Markets

Shares of Glencore plc: Love Them or Leave Them?

U.S. stocks are posting small gains on Tuesday, with the Dow Jones Industrial Average and the S&P 500 up 0.01%, and 0.17%, respectively, at 12 p.m. EDT.

Source: Glencore

Shares of Glencore plc : If you like 'em at $5 per share, you'll love 'em at $2.50. I think that statement holds, but there are plenty of caveats and qualifiers.

This column first mentioned Glencore plc on Aug. 20 as a possible aggressive value play. At the time, the miner-trader's ADRs had lost nearly half their value year to date and were trading at around $5.00.

Yesterday, they closed at $2.07, for a horrifying year-to-date loss of 76% (though the shares are rebounding somewhat today.)

While I would argue that decline is excessive and driven by sentiment rather than fact, just because a company's intrinsic value is generally much less volatile than its stock price does not mean it can't decline substantially over the course of a six weeks. Consider the value of Volkswagen AG today compared to a month ago, for example.

That's particularly true of a company that has a substantial trading operation: The confidence of your counterparties matters in the money-shuffling business.

Back in August, management understood that it had to address the market's loss of confidence forcefully; at the beginning of the month, the company announced a $10 billion program of measures to reduce its net debt by a third. One of them was a $2.5 billion equity capital raising (representing 10% of the company's existing equity) that was completed mid-month.

Manifestly, that hasn't been enough to prevent investors' loss of confidence from compounding, but sentiment may have bottomed yesterday (in the short term at least), as the market (over)reacted to an analyst note from Investec focused on the penalty that Glencore's debt load imposes on shareholders.

One of the authors, Hunter Hillcoat, said yesterday: "If commodity prices don't appreciate, where does that leave shareholders? At current spot prices, all else being the same, Glencore's equity value is zero."

However, it's worth pointing out that the analyst was referring to a scenario in which current spot prices become the norm; furthermore, he believes the shares offer value at their current price. I still do, too, but the risk of a permanent loss of capital has increased, and investors should expect plenty of volatility along the way.

This $19 trillion industry could destroy the Internet

One bleeding-edge technology is about to put the World Wide Web to bed. And if you act quickly, you could be among the savvy investors who enjoy the profits from this stunning change. Experts are calling it the single largest business opportunity in the history of capitalism... The Economist is calling it "transformative"... but you'll probably just call it "how I made my millions." Don't be too late to the party -- click here for one stock to own when the Web goes dark.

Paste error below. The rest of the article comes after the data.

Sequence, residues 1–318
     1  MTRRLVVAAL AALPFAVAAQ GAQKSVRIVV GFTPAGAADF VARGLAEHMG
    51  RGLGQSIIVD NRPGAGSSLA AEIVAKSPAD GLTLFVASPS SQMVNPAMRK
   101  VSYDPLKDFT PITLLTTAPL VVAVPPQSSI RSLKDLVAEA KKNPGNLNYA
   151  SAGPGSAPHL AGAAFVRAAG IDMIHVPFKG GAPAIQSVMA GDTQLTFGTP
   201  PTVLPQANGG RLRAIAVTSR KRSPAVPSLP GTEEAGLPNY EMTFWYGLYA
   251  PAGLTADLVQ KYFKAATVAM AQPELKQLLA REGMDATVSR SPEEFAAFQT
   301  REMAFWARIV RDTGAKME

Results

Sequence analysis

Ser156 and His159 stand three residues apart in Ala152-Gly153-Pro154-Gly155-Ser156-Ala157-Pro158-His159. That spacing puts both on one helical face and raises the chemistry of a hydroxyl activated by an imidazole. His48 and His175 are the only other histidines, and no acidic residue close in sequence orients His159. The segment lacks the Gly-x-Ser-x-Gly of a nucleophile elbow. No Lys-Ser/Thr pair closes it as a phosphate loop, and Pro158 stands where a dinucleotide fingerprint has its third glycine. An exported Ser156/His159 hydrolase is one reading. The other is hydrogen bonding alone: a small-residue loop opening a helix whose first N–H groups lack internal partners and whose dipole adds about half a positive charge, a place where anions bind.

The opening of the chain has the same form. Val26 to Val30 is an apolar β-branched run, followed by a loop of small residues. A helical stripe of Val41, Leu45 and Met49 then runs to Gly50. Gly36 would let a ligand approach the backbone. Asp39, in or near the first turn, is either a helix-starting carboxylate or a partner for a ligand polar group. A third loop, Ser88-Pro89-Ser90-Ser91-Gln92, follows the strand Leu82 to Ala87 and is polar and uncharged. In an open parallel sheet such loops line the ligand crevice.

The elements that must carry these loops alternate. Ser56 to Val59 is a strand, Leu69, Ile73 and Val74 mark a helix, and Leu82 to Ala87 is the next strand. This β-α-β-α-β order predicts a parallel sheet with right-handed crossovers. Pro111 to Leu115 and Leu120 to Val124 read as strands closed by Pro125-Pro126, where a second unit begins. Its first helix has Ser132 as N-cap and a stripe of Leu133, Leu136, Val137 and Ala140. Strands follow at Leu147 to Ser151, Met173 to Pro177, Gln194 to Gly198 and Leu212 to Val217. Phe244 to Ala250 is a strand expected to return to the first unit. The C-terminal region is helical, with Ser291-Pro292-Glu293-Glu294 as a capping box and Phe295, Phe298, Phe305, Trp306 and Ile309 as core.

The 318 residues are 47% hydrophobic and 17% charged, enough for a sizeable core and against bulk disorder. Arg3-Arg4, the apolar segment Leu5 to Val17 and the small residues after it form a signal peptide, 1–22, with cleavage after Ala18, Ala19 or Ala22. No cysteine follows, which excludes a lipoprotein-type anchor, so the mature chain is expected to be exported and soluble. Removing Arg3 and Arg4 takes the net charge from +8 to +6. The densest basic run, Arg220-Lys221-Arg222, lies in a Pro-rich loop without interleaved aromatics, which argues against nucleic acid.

The article Shares of Glencore plc: Love Them or Leave Them? originally appeared on Fool.com.

Alex Dumortier, CFA , has no position in any stocks mentioned. The Motley Fool has no position in any of the stocks mentioned. Try any of our Foolish newsletter services free for 30 days . We Fools may not all hold the same opinions, but we all believe that considering a diverse range of insights makes us better investors. The Motley Fool has a disclosure policy .

Copyright © 1995 - 2015 The Motley Fool, LLC. All rights reserved. The Motley Fool has a disclosure policy .

The views and opinions expressed herein are the views and opinions of the author and do not necessarily reflect those of Nasdaq, Inc.


The views and opinions expressed herein are the views and opinions of the author and do not necessarily reflect those of Nasdaq, Inc.

Other Topics

Stocks

Latest Markets Videos

    The Motley Fool

    Founded in 1993 in Alexandria, VA., by brothers David and Tom Gardner, The Motley Fool is a multimedia financial-services company dedicated to building the world's greatest investment community. Reaching millions of people each month through its website, books, newspaper column, radio show, television appearances, and subscription newsletter services, The Motley Fool champions shareholder values and advocates tirelessly for the individual investor. The company's name was taken from Shakespeare, whose wise fools both instructed and amused, and could speak the truth to the king -- without getting their heads lopped off.

    Learn More